If you’ve ever endured a photography session at a traditional studio, perhaps inside a mall or department store, I’m guessing you’ve had an experience that goes a little something like this:
You show up about 10 minutes prior to your scheduled appointment time, entering a room that has nearly reached fire code capacity. There are no seats to be found amidst the sea of denim and Aqua Net, so you send the family into the lobby while you fight your way to the counter to check in. Returning to the lobby, you find your son has successfully managed to remove every last trace of gel from his hair and your daughter is lying down on the ground, shoes off, practicing what appears to be the “stop, drop and roll” technique.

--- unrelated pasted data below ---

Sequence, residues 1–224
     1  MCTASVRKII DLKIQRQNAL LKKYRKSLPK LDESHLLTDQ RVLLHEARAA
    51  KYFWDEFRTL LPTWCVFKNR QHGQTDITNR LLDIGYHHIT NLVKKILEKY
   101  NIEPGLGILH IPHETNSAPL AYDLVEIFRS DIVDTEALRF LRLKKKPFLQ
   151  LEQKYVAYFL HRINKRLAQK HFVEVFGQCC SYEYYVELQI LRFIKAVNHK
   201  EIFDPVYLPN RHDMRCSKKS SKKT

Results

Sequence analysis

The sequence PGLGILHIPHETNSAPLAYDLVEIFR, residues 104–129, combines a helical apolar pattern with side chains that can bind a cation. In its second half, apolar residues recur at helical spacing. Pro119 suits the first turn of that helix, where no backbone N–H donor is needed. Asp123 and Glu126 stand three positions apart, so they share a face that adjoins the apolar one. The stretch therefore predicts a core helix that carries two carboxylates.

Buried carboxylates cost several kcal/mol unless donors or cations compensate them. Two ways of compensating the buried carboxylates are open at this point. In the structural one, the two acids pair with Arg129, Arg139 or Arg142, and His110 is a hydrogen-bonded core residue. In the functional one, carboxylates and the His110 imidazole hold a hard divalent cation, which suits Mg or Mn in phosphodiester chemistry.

By the time they call you back into the broom closet to take photos, the kids are on the verge of a stage 5 meltdown and the adults are no longer speaking except through clenched teeth. Despite the photographer’s desperate attempts at amusing a 3-year-old with a dog toy, the uproarious enthusiasm that played out in the lobby is nowhere to be found.
In an effort to avoid this grueling experience and to take a photo that captures the true-to-life spirit of their children, many families have forgone or at least supplemented the traditional “pose and say cheese” studios with what is known as “lifestyle photography.” Continue reading